The feline herpesvirus, which is commonplace, can blind cats. The same can happen to humans. I refer to that infectious agent, briefly below, but first we have to recognise that even the best qualified veterinarian will not be a good vet without that precious characteristic: compassion. You can add to that an empathy for animals. All the veterinary qualifications in the world cannot compensate for a lack of compassion and empathy.
Blinded Ray and His Siblings
It is clear that the vet involved in the story about Ray, Stevie and their siblings was neither compassionate nor empathetic towards animals.
Not only did her cruel neglect result in the acute suffering and eventual blindness of five cats, she also kept Pit Bull Terrier dogs caged up for the sole purpose to provide blood transfusions.
We have to recognise the fact that this vet, who practiced her profession in Mentor, Ohio (or near by) got cancer. This caused her to close her veterinary clinic. Fair enough, and I’d feel really sorry for her if it wasn’t for the fact that she kept Ray and his siblings in a cage for seven years at the back of her clinic, living in their own feces and urine, with little or no contact with people and under such a level of neglect that the treatable herpesvirus ate away at their eyes, with accompanying pain and discomfort, to eventually blindness. How could that happen?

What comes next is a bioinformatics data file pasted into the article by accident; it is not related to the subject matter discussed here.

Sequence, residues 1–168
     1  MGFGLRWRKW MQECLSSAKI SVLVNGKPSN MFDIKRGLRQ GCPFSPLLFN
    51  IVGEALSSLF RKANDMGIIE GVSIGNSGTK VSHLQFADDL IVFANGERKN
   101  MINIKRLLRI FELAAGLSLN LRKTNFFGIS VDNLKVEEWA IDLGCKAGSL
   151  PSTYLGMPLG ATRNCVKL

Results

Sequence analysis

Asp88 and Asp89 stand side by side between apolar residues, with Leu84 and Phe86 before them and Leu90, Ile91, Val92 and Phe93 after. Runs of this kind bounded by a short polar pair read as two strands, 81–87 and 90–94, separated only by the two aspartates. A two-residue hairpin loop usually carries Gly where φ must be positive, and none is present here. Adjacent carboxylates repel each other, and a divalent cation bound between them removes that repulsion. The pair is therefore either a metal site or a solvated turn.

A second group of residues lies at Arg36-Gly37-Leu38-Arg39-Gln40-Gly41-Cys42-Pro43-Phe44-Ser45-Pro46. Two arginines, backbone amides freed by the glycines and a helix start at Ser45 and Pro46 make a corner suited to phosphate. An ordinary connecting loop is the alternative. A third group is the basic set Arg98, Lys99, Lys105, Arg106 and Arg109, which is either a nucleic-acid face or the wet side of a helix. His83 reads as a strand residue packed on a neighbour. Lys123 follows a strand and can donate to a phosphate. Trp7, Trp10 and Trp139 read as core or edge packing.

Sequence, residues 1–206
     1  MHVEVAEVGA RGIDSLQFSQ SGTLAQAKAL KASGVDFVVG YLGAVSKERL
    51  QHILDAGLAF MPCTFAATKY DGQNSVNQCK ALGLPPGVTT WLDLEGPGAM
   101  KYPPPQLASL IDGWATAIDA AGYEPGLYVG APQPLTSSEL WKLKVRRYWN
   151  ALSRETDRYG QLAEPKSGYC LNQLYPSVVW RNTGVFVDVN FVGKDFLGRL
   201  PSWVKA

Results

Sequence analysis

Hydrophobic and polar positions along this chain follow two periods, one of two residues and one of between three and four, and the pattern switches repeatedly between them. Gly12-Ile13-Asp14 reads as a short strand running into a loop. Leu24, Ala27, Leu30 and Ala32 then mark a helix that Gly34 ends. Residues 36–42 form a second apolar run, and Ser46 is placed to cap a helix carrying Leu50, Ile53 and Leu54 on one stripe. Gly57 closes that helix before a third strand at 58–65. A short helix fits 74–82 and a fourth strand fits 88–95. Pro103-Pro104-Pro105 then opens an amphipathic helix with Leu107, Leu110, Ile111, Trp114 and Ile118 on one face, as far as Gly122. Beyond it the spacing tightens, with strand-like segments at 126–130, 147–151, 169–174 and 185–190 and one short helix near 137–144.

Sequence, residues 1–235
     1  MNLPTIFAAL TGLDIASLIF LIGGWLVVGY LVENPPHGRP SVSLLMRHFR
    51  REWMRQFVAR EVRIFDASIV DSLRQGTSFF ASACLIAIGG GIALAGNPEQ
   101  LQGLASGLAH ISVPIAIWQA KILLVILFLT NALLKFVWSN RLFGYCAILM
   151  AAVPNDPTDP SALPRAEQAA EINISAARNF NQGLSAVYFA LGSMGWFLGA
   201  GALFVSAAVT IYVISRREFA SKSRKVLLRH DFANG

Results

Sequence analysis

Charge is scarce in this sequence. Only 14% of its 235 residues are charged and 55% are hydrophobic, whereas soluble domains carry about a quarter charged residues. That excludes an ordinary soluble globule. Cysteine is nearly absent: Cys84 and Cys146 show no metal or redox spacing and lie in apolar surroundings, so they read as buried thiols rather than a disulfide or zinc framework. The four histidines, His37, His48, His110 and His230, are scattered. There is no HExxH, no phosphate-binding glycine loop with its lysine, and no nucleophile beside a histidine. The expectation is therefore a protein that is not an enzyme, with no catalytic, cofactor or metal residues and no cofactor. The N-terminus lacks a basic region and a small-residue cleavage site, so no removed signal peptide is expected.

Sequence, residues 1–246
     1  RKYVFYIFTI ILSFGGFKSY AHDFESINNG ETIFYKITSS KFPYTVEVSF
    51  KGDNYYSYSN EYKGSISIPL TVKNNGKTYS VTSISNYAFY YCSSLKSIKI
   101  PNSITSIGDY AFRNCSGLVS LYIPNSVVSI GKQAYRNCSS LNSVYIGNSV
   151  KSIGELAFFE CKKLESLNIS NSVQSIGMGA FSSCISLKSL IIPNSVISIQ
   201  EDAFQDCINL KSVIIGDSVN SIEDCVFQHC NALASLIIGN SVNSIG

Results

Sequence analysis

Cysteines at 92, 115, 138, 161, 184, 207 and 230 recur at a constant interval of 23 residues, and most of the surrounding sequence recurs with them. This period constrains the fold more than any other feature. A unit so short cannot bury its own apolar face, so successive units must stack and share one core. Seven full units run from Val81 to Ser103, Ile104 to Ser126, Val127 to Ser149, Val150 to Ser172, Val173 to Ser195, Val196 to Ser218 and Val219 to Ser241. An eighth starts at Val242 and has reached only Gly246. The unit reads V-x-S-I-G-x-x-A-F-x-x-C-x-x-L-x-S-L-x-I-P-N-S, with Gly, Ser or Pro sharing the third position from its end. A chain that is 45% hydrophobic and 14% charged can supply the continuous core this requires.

Herpesvirus and Blindness
The vet who eventually treated Ray, in the picture above, believes that the herpesvirus made him blind. In humans the herpes simplex virus is a major cause of blindness worldwide. The blindness is caused by corneal scarring and opacity.
In cats an infectious form of ulcerative keratitis is caused by the feline herpesvirus. Keratitis results in the loss of transparency of the the cornea, which leads to partial or complete blindness.
In Ray’s case, it appears that the disease has gone beyond causing the cornea to become opaque. It has damaged the eye to the point where it has diminished in size. There may be some other diseases at play.
Abandoned Animal Welfare (AAW) rescued Ray and his siblings from their misery. Well done to you all. Ray was in the worst condition. Poor Ray has other medical problems. He survived. Without the closure of the vet’s clinic due to the cancer that the vet suffered from, these cats wouldn’t have made it. There is a sense of natural justice in that.
Nice video, but the music is overplayed. But that is unimportant. Saving Ray and his siblings is. Well done, again.
I wonder if vets are screened for their compassion before embarking on a degree course? I don’t think so. The problem with uncaring vets is the same as uncaring nurses in England. In respect of nurses, there has been an overemphasis on qualifications while ignoring the most important qualification of all: compassion.